I feel like we’re all trying to do the same thing, in terms of getting music that we think is great music out there to people. People talk about the “music business,” but when people talk about the music industry I don’t really think of us as being part of the music industry, in terms of what people usually mean when they say that. I feel like Merge and Matador and Sub-Pop are in a different music industry, if that makes sense. I feel like we’re in it together and we share similar interests. One of the coolest things about starting a label and being in a band is the community around that. Like, we would go to New York and play shows and that’s where the Matador offices were and we’d hang out with them and meet other bands that were on Matador. Or we’d go out to Seattle, and Nils, who works at Matador now, had a record store out there called Rebellious Jukebox and through Nils and some other friends that I want to college with, we met Sub-Pop people. It all seemed very interconnected, and I think it still is.
From the outside people might assume Merge and Matador are competitors, but it seems like you’re happy for one-another’s successes.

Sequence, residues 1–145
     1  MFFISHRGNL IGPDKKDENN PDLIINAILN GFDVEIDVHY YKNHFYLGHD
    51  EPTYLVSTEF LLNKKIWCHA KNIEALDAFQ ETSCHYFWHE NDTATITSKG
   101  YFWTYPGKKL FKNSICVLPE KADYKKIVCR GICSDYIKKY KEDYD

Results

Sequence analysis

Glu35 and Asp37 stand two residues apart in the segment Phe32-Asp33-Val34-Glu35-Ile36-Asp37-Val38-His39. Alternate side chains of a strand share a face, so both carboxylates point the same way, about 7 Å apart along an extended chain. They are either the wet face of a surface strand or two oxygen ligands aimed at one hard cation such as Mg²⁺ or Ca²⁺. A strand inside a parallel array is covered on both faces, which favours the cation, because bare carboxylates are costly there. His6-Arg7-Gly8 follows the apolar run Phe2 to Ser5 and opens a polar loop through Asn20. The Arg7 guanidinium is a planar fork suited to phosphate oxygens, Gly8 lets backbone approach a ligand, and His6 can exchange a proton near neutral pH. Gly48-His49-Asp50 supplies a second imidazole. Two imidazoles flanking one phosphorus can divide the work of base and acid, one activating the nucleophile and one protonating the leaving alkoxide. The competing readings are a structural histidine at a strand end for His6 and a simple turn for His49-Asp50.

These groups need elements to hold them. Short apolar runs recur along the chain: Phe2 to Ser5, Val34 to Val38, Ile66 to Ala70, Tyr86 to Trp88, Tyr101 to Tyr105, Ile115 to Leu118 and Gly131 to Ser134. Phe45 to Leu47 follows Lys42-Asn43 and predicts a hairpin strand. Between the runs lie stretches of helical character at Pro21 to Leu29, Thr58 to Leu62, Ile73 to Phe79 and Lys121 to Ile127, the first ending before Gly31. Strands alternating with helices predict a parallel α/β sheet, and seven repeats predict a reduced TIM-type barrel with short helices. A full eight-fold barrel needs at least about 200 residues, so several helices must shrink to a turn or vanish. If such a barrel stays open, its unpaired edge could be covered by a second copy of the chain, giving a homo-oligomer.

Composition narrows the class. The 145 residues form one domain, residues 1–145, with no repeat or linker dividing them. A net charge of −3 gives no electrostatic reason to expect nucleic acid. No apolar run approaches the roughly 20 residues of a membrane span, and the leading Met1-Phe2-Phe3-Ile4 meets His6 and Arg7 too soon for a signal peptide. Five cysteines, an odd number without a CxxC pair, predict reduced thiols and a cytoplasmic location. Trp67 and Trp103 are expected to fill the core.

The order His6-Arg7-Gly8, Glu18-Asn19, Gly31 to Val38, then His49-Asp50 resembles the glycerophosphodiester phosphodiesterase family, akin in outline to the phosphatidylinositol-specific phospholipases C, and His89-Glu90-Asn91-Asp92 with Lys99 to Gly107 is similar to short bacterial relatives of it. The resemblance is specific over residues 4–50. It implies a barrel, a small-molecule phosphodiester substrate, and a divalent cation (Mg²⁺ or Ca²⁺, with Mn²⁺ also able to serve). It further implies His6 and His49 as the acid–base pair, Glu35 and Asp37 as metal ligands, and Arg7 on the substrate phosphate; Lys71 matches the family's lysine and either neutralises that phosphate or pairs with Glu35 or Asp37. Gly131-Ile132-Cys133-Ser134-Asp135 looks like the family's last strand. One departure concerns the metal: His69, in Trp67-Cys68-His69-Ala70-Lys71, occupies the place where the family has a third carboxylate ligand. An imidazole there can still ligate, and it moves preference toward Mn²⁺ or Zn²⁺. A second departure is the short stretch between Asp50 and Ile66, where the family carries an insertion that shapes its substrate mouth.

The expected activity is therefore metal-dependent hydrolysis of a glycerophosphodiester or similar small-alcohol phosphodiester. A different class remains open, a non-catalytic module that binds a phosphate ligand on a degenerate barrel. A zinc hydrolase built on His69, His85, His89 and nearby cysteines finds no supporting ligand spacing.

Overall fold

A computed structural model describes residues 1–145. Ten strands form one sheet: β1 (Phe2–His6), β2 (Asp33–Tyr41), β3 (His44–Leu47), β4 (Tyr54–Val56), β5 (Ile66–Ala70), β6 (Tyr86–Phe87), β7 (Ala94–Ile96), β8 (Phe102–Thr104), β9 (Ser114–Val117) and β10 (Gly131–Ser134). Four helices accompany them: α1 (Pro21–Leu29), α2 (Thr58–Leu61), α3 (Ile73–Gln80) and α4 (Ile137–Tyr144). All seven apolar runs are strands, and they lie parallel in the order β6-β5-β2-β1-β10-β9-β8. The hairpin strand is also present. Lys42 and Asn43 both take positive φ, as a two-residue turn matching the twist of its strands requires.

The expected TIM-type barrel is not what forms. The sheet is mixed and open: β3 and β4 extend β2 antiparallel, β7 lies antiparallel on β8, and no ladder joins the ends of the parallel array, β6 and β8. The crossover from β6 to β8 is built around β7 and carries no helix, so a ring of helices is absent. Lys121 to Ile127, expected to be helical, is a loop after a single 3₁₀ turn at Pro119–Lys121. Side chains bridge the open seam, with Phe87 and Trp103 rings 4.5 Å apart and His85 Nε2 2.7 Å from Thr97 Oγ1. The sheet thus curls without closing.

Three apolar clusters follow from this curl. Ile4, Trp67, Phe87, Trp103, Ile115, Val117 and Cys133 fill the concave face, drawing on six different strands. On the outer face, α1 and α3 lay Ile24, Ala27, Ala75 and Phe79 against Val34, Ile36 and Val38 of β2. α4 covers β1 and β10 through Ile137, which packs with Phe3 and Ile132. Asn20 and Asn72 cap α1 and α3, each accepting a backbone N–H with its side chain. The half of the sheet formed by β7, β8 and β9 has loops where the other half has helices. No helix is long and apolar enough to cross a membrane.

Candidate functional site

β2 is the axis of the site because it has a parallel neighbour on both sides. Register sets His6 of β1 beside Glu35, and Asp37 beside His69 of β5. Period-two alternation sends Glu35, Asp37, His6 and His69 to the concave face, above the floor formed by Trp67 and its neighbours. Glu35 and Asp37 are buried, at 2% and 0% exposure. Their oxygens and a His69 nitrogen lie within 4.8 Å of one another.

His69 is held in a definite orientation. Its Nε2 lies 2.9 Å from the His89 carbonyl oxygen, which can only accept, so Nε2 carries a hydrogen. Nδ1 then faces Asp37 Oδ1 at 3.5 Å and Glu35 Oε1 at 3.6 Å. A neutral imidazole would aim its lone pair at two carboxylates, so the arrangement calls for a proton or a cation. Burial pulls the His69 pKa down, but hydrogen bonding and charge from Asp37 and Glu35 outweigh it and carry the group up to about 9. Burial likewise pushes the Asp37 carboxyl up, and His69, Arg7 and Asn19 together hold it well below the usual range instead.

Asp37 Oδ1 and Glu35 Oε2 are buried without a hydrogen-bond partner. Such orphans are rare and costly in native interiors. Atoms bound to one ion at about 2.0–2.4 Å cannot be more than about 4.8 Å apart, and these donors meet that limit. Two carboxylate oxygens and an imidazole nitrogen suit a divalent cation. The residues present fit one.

I think that’s true, that it’s not so much competition. If we sell a lot of Arcade Fire records that’s not preventing Matador from selling a lot of Cat Power records or something. It’s not a head-to-head thing like that.
What are some of your favorite Matador albums?
That first [self-titled] Railroad Jerk album came out around the time when we were first on Matador. We played shows with them, and they’re a great band. [Superchunk bassist] Laura [Ballance] was really hoping that H.P. Zinker was gonna play this festival. Really cool band. I played with them with a band even older than Superchunk called Bricks in New York at a show that Gerard put together. The Yo La Tengo record And Then Nothing Turned Itself Inside Out is one of my favorite records in the Matador catalog for sure. That first Teenage Fanclub record is amazing. Fucked Up’s The Chemistry of Common Life is such an amazing album.
You went nine years between albums but never really stopped being a band, true?